He said that there were three principles that explained this.

Firstly, ‘technical reasons’ meant it was difficult to leverage full value out of medical data unless it was digitised and therefore easy to share and analyse. The NHS was still far too reliant on paper-based collection, he said.

Second was the organisational complexity of the NHS and the difficulties this presented in sharing data between and across the myriad organisations like hospital trusts, CCGs and mental health trusts that operated under the NHS umbrella.

Thirdly, policymakers had failed to empower the public to handle their own data, he argued, suggesting that health was behind areas like banking in this area. This would only be transcended when the organisational issues with data collection across the NHS were addressed, he said.

Pointing to an example that had worked, Mr Kinnear mentioned the ‘Connecting Care’ programme in Bristol, in which data was collected and shared across the various NHS functions like GPs, hospitals and mental health institutions. He cited the example of an out of hours GP in Bristol who had benefitted greatly from this, stating that on multiple occasions he had made different care decisions than he otherwise would have based on the data he now had access to.

Questions and Answers

An attendee asked about the importance of assigning greater demographic information to health care data.

Ms Onwurah agreed that the potential benefits of this were huge, but said this did not address the fundamental question of ownership, as more demographic identifiers assigned to data also made it easier to triangulate and identify the individual to which it related.

A representative of Microsoft asked about public sentiment on the issue, citing a Wellcome Trust report that showed that 88 per cent of respondents were happy to share their health data if they felt that it would improve outcomes.

Ms Onwurah said that people ‘loved the NHS and there was a big reservoir of goodwill’ which could be used as vehicle to promote more data sharing and ensure greater public consent. However, sensationalist tabloid reporting of the issue had the potential to undermine this significantly. She argued: ‘We need to give people more assurances that their anonymised data will remain anonymous’.

A representative of National Energy Action mentioned the health issues caused by cold homes and asked about data sharing in organisations outside of the NHS to help identify those at risk and deliver greater preventative interventions.

Ms Onwurah repeated her view that the clear principles and a single framework for data sharing were essential, but agreed that the potential to identify and target resources and benefits at individuals using their data was significant.

Discussing the issue of consent, Dr Fisher said that patients were frustrated when they learned of the barriers preventing various parts of the NHS sharing their data. However, there were legitimate concerns regarding ‘secondary use’ when the NHS or other parts of government shared their data with private sector organisations, he stressed.

Discussing the risks of triangulation and re-identification of an individual’s data, Dr Fisher said there was not a technical solution to this issue, and there may actually be greater difficulty in doing this as the number of data points grew and the complexity of the sets held by the NHS grew.

An attendee asked about the problem of defining the word ‘data’. This lack of definition inhibited public debate on the issue, he argued.

Mr Kinnear said that the word itself was a ‘turn off’. The way this could be addressed this was to ‘take out the techno speak’ and place the emphasis on the benefits in terms of improve care and outcomes.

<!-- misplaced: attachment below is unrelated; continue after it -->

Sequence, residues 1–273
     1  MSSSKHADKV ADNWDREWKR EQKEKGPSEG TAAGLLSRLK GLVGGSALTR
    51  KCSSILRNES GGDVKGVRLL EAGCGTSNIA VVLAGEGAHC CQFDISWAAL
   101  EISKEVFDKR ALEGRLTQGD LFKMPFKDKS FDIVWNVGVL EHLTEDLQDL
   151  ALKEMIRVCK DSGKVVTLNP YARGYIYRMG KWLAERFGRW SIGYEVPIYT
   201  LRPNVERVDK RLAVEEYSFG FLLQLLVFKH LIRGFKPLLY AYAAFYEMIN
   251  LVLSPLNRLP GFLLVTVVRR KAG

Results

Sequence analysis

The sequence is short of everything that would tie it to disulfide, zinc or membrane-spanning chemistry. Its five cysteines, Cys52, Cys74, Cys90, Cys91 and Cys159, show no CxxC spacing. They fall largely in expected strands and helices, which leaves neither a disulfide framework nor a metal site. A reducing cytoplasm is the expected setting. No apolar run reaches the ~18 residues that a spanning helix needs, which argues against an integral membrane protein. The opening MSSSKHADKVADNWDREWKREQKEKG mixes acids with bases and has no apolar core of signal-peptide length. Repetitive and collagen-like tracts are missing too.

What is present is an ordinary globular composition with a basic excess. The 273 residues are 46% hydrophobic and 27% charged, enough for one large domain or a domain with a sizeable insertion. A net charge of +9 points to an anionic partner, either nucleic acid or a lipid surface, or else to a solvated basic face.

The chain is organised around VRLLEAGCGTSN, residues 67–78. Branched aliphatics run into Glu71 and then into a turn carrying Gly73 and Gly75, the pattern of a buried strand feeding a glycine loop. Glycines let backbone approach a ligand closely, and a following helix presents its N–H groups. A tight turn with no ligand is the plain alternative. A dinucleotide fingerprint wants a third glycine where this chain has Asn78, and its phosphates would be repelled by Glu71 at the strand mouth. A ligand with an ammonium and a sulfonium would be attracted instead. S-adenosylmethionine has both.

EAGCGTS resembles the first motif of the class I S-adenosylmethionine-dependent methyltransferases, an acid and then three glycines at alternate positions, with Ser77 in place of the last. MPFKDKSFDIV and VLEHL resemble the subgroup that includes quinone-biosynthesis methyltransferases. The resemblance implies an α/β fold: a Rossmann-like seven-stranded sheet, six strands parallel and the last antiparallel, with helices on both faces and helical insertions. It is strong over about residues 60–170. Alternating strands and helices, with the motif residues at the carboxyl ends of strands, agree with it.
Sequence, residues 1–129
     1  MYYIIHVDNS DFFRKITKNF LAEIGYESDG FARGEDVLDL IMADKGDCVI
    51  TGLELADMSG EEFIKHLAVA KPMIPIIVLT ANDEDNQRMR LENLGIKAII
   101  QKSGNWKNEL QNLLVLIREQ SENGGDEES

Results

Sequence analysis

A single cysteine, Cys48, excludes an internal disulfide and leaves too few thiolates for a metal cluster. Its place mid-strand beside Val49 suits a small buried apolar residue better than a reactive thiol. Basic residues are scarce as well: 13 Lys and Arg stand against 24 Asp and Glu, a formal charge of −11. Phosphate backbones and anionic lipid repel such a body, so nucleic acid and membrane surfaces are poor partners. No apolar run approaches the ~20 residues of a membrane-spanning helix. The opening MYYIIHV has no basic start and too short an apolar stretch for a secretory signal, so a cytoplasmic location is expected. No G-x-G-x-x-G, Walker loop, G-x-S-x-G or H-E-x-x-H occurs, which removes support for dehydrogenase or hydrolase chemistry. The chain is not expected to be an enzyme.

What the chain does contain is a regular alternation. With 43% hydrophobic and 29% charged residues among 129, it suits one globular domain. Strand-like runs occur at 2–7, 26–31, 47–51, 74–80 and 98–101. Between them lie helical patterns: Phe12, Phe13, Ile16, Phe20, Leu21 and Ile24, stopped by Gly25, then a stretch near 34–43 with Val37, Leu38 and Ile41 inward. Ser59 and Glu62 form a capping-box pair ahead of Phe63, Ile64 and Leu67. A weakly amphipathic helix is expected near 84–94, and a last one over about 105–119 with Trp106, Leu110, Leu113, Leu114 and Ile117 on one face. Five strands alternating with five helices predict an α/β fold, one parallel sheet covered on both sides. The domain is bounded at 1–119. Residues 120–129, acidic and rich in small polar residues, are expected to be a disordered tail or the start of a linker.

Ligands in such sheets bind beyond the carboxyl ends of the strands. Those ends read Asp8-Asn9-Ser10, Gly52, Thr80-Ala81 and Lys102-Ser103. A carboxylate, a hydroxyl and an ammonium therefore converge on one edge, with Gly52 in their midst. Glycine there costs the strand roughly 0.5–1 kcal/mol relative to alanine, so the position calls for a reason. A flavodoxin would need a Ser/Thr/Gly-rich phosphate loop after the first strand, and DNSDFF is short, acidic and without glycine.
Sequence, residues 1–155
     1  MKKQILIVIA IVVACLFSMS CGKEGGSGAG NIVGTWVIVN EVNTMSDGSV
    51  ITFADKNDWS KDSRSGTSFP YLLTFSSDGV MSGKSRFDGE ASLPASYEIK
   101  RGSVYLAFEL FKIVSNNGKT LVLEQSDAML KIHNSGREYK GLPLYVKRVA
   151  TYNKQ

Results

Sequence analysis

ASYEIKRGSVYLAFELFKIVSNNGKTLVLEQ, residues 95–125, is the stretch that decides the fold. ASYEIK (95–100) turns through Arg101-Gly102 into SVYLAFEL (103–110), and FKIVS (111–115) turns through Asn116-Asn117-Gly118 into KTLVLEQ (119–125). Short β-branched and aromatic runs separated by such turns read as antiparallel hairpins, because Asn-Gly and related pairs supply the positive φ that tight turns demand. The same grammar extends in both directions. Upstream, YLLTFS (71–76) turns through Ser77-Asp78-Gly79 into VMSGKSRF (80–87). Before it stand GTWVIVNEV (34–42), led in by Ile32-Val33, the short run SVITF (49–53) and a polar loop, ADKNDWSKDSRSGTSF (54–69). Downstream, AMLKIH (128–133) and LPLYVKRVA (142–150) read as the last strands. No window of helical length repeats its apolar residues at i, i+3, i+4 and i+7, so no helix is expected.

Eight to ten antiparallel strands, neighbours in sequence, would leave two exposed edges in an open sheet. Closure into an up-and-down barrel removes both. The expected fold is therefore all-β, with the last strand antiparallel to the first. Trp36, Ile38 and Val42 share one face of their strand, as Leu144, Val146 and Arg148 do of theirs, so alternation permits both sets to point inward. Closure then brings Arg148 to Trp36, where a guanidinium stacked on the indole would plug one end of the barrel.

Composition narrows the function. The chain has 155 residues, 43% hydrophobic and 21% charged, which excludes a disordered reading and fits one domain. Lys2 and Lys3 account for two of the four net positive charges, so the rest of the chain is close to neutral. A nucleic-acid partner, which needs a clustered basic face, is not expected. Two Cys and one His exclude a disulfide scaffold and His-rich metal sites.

An attendee asked about the issues with individuals obtaining their own medical data from the NHS.

Mr Kinnear said NHS Digital was looking at this, and argued that there were some benefits to individuals being able to bring their records with them as they used different parts of the NHS. However, paper records were inherently static and the key issue was to ensure that records were not simply snapshots and readily accessible to all parts of the healthcare system than an individual might enter.

Dr Fisher said that an entire hard copy of a patient’s record was essentially useless. It was about creating a system using cloud computing to create a live dataset that is readily accessible by clinicians when and where they require it.

The representative of National Energy Action raised the issue of costs on the NHS associated with treating conditions caused by cold homes and asked whether the data collection schemes using opt-in rather than opt-out ran the risk of reducing take up to such an extent that the data collected could not be as useful or insightful.

Mr Kinnear agreed, adding that there were difficulties in encouraging different organisations to work together and to incur costs when the benefits were not immediately obvious to them, but might be profound for other parts of the NHS.

Dr Fisher said that there were already areas in which ‘our privacy can be breached for the greater good’, noting that clinicians already were required to share individual’s data with other parts of government, for example informing the DVLA when a patient is diagnosed with epilepsy but refuses to cease driving.

On the subject of technology use in the NHS and the loss of personal interactions, Mr Kinnear mentioned a University Hospital Southampton NHS Trust scheme in which recovering prostate cancer patients, many of whom were elderly, had been given iPad to help manage their care. This showed that after the initial diagnosis period - which often did require a face-to-face discussion - technology did have a significant role to play.

An attendee asked about how to combat paranoia around data sharing.

Ms Abbott said that if people did not have assurances about the collection and use of their medical doctor, they would tell doctors less and this could cause real harm as they would not receive accurate diagnoses and the appropriate care.

This summary was provided by DeHavilland, the leading provider of UK and EU political intelligence.